To estimate the total cost of 400G devices, Rokkas and his colleagues broke the cost into three discrete parts: the cost of manufacturing the Photonic Engine — a system that uses photonic devices as the main component of an optical transceiver; the cost of purchasing the electronics, including digital signal processing (DSP) chips; and the cost for the optical and mechanical packaging of the transceiver module. They calculated the relative cost of several 400G transceivers based on the cost of a reference 100G transceiver. The total area of the chip, size of the wafer, number of devices, number of optical coupling connections and total achieved yield determined the difference in cost.

Similarly, to calculate the total power consumption of each of the transceivers, the researchers considered the power consumption of the three discrete parts separately. They also predicted the price evolution over the next five years using the extended learning curve model, a widely used mathematical function that estimates the future price of components used in telecommunication networks. According to Rokkas, the trend over time in device cost reduction is primarily due to technology maturity, and is predicted for the first time.

Five kinds of 400G
Rokkas said, “The five types of 400G transceivers we studied are all possible standard options that were examined by the IEEE P802.3bs technical group. The analysis revealed that 400G transceivers with a lower number of laser sources and higher Baud rate, i.e. data transmission rate, are superior than other transceiver types in terms of scaling, cost and power consumption. We expect this advantage to be more prevalent in the case of next generation transceivers (800G or 1.6T).”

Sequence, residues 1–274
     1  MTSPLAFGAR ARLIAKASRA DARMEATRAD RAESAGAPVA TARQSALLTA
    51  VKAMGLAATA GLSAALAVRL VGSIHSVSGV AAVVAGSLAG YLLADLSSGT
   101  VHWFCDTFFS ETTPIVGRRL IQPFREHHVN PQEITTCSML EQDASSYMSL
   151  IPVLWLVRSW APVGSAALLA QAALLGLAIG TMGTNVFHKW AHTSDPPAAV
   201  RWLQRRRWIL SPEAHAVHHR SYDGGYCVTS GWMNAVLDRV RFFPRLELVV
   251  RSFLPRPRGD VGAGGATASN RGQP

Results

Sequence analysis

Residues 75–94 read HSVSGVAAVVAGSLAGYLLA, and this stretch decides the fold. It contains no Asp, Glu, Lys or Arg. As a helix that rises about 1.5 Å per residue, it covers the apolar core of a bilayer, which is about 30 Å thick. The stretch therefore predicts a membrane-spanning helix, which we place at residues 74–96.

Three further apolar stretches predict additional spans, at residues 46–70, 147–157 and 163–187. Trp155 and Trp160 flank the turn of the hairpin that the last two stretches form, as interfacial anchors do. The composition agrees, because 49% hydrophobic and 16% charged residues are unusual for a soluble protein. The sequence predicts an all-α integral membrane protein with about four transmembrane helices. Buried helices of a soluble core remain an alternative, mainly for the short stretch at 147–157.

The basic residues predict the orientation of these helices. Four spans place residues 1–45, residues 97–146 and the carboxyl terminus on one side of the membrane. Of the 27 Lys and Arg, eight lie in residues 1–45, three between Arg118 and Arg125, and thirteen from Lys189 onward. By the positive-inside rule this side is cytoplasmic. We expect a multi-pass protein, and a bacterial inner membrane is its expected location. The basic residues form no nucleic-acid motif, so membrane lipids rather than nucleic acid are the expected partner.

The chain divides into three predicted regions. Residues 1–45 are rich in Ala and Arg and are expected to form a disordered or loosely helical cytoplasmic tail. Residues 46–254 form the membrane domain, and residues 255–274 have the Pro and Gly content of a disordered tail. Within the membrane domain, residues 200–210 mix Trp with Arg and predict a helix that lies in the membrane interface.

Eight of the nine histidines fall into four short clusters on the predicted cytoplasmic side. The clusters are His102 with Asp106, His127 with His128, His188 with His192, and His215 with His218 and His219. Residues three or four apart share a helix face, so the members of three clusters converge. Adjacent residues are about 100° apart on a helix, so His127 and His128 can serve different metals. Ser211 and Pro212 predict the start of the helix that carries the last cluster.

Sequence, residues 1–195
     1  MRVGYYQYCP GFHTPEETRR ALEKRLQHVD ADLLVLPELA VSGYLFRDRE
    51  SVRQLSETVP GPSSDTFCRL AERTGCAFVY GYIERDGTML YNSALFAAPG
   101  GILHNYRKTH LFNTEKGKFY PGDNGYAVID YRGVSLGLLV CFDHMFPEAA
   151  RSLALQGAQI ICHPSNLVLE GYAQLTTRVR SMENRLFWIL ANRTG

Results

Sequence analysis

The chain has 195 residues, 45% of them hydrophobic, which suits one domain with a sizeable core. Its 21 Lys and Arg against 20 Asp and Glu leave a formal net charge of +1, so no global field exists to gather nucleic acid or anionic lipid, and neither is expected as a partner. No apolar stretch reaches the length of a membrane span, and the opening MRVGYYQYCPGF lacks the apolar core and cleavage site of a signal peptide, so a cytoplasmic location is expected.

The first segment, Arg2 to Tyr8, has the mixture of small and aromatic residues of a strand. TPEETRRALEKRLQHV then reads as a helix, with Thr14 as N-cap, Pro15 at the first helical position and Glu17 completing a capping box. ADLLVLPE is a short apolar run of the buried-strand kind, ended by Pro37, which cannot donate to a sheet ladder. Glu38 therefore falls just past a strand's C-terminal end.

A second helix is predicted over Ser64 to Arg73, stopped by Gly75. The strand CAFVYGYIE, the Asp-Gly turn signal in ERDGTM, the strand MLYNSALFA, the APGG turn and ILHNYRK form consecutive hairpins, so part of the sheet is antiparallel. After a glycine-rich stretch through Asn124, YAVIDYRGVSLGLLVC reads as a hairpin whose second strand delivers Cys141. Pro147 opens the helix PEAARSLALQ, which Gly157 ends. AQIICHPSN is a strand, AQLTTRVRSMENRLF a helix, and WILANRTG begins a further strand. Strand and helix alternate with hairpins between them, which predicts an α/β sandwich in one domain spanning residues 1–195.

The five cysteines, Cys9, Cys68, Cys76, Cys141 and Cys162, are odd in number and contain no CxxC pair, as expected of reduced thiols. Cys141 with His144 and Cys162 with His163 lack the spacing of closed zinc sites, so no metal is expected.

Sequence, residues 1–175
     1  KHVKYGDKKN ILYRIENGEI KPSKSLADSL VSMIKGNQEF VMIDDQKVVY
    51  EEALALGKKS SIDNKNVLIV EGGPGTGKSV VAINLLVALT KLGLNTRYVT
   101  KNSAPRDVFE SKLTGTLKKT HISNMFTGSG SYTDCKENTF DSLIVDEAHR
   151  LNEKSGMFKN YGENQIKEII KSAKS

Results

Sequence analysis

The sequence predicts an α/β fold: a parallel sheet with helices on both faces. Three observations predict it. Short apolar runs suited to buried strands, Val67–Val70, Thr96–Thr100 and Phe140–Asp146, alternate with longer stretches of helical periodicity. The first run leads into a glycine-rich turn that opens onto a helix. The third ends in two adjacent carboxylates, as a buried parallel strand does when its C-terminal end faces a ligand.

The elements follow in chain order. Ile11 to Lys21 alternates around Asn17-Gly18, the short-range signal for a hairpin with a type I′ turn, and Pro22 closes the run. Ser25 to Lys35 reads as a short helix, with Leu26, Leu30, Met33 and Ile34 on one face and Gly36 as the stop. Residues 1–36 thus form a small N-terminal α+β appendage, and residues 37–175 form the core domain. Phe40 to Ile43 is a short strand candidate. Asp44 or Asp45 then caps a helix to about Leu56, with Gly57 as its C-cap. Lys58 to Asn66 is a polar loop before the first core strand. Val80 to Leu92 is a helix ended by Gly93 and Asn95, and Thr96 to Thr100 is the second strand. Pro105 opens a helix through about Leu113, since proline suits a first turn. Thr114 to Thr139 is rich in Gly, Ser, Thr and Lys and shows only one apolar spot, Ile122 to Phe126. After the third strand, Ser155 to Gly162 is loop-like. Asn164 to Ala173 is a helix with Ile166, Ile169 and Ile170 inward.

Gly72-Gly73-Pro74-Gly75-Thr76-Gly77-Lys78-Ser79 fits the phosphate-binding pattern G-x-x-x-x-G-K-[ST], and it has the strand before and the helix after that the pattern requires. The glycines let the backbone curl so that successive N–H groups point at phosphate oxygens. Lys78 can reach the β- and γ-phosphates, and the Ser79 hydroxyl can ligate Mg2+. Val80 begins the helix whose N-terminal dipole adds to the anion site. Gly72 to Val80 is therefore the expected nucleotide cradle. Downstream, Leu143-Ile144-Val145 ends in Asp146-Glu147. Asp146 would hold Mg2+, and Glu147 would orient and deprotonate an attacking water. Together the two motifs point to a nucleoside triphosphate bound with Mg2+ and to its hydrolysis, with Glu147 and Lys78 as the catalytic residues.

To further understand how different 400G devices would eventually influence the cost and power consumption of Datacenters, Rokkas’ team conducted a network-wide analysis of Facebook’s Datacenter Fabric architecture by comparing interconnection scenarios using different 400G optical receiver technologies. They found that different sizes of Datacenters should employ alternative 400G transceivers to minimize the cost and power consumption.

For example, for small-size Datacenters, the short-range FR4 type of 400G transceiver module, appears to be the best option considering the less complex fiber infrastructure it requires relative to other types; while for mega-scale Datacenters, a combination using the short-range FR4 type and long-range LR4 type for different parts of the Datacenters has been demonstrated to be most promising, cost-effective and power-efficient option.

The next step, according to Rokkas, is to compare different material platforms used for photonic integration of optical transceivers, such as indium phosphide and silicon photonics, and evaluate the influence on the device cost and power consumption.

To find out more about this presentation, other talks and the exhibition visit ofcconference.org

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This article was written
by Matthew Peach

Matthew Peach is a freelance technology journalist specialising in photonics and communications. He has previously worked for several business-to-business publishers, editing a range of high-tech magazines and websites.